Eggs are a great source of protein, and they can also help boost your fertility. “Eggs are rich in choline, which studies have shown can have significant positive effects on fetal development,” says Becker.
The easiest way to have them is first thing in the morning. “Supercharge your breakfast with a veggie-packed omelet or an egg baked inside of half an avocado,” Becker recommends. Just make sure you avoid the egg-white omelet option and never skip the yolk, she says, since that’s “where all of the good nutrients are.”
13. Bee pollen
Bee pollen is another fertility food that’s great for reproductive health in both men and women. “Bee pollen has shown promise to promote sperm quantity and help boost fertility in women,” says Williams. “But make sure you get your bee pollen from a reputable source to ensure efficiency.”
While you can take it on its own, Williams says, it can also be added to smoothies “and used as a topping to your favorite parfait and breakfast bowl.” So get out your Greek yogurt and add the bee pollen.
Another food to add to your fertility diet is maca. “Superfoods like Peruvian maca may even boost sperm count,” says Williams.
This one might be best for your partner for that reason, but it certainly can’t help to incorporate some into both of your diets. A great way to do it is by adding it to your healthy smoothie for breakfast, along with avocado, spinach and maybe even a bit of Greek yogurt and bee pollen. Since it has a slightly bitter nature, Williams says, this is a great way to have your maca and eat it too.
Folic acid is critical for women who are trying to get pregnant and asparagus is full of it: One cup of asparagus gets you more than half of your daily recommended dose of folic acid, plus all your daily vitamin K. Asparagus also contains glutathione, an antioxidant which improves egg quality. So stock up on asparagus—and opt for fresh or frozen, if possible, since canned asparagus has a lot of sodium.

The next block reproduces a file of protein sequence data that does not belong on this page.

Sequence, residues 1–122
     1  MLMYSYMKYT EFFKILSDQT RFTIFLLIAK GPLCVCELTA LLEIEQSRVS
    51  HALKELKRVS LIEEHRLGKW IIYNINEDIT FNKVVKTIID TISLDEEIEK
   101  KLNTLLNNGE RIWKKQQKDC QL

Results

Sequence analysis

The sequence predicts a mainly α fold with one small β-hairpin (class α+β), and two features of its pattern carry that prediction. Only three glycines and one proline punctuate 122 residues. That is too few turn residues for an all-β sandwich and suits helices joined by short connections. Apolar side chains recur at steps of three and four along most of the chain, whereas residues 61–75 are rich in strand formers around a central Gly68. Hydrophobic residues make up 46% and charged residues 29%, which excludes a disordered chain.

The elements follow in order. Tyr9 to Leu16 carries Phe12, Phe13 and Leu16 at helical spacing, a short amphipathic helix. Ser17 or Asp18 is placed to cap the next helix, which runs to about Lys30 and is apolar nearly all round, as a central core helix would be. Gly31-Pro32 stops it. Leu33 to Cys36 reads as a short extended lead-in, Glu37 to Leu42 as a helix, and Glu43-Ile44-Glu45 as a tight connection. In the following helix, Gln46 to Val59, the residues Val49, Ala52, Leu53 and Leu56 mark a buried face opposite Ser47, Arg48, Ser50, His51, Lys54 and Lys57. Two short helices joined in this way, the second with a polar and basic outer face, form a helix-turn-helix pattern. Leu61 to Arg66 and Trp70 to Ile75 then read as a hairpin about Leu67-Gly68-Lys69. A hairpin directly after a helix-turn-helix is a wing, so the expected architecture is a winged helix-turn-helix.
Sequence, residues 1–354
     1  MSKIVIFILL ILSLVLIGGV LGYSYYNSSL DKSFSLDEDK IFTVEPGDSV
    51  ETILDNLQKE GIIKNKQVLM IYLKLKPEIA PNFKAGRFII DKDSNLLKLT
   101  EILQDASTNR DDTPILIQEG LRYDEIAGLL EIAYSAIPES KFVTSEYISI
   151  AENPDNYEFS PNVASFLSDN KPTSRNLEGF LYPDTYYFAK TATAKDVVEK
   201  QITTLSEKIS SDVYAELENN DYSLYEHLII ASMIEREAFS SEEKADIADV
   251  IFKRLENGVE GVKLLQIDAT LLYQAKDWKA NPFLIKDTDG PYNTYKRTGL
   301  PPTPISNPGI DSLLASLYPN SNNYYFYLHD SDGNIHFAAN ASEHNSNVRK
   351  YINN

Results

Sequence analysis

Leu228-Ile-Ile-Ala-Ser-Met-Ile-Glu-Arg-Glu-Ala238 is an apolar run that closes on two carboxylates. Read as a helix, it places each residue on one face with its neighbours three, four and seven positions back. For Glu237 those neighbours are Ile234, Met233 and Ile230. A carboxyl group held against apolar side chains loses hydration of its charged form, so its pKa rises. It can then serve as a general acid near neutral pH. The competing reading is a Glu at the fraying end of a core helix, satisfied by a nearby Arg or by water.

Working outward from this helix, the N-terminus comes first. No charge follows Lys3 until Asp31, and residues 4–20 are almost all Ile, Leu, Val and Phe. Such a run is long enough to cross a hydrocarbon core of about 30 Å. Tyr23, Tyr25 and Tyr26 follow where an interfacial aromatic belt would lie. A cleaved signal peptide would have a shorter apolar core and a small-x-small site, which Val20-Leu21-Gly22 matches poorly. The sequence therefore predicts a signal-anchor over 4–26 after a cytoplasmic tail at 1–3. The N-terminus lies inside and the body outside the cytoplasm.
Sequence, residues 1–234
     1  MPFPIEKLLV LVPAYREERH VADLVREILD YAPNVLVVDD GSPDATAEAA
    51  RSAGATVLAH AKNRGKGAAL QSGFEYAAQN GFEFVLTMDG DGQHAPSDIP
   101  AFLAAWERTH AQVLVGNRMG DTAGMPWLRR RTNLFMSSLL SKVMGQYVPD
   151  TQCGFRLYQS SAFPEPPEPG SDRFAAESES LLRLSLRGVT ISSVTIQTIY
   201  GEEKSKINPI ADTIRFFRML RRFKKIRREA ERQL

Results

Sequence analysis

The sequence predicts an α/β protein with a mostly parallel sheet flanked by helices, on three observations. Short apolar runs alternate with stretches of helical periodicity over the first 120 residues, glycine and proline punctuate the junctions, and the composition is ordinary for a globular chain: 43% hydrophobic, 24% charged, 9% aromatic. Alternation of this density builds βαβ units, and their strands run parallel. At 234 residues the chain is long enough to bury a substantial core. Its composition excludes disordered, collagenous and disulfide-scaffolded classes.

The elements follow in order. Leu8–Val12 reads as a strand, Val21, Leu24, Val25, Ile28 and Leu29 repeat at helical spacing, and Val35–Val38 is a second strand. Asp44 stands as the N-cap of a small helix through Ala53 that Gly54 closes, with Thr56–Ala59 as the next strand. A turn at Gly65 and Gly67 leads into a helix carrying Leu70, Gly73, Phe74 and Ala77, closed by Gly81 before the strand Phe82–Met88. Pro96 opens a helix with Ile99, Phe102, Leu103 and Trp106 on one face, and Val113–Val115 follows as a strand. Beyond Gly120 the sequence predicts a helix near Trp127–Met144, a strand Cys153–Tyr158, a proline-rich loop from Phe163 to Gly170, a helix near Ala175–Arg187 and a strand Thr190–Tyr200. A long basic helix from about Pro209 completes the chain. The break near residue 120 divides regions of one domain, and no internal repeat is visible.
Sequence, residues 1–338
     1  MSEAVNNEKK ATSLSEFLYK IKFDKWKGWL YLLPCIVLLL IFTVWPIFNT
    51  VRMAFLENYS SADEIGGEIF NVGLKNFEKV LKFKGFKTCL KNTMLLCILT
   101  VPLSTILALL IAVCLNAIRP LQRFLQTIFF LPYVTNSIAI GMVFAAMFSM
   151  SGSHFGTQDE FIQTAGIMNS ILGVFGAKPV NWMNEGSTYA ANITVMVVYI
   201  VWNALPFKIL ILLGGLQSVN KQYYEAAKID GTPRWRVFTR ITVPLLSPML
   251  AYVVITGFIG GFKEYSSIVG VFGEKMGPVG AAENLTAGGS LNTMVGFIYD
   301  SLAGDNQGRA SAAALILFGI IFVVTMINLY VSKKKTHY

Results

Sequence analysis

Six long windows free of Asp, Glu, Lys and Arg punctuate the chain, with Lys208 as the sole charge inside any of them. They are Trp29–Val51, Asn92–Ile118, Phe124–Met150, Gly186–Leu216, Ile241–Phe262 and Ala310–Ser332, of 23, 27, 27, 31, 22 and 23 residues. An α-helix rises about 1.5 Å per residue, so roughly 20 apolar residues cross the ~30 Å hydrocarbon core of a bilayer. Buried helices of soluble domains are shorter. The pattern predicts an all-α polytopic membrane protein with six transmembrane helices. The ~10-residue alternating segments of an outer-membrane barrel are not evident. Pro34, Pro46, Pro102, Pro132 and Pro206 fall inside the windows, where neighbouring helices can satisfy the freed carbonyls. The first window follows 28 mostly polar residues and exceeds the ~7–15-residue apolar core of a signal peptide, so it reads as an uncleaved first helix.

Watermelon is another solid source of glutathione. It’s also known to help alleviate morning sickness, heartburn, swelling, and even third-trimester cramps, so it’s a good thing to keep on your plate even after you get pregnant. Watermelon also helps male fertility, since it contains lycopen—an antioxidant that helps sperm motility.
Contrary to popular belief, liver is not the “toxic organ”; rather, it is the “detoxifier.” The liver helps remove impurities from one’s system, but it does not hold on to those impurities. It can help women get pregnant because it’s an amazing source of folate (the active form of folic acid), all your B vitamins, choline, and loads of antioxidants like inositol (which has been shown to improve egg quality in women undergoing in vitro fertilization procedures). Add three ounces of liver to your diet per week, or if you can’t imagine eating liver, you can take it as a supplement in a pill form.
18. Cod liver oil
Cod liver oil is technically an oil from fish, but it’s different from regular old fish oil. Both fish oil and cod liver oil are great sources of omega-3 fatty acids; however, cod liver oil also contains vitamins A and D, which are fat soluble vitamins important to fertility and conception. If you’re suffering from a vitamin D deficiency (and many people are), reach for cod liver oil instead of fish oil. You can take cod liver oil in capsule or liquid form daily—and be sure to take an amount that delivers 2,000 IUs of vitamin D.
An oldie but a goodie, lentils are packed with folic acid and another great way to keep fatigue at bay. Lentils may also be helpful in boosting male fertility: they contain polyamine spermidine, a compound that may help sperm fertilize an egg. The benefits of eating lentils extend beyond conception—folic acid helps form the neural tube (which functions as the early brain and spine during pregnancy). To ensure your body is producing new cells that will be crucial to a healthy pregnancy, the CDC recommends women take 400 micrograms of folic acid each day. Small but mighty, these little legumes also contain high levels of fiber, potassium, and protein.
Now that you know the foods that increase your fertility, check out the foods you should avoid if you’re trying to get pregnant.
Originally Appeared on Glamour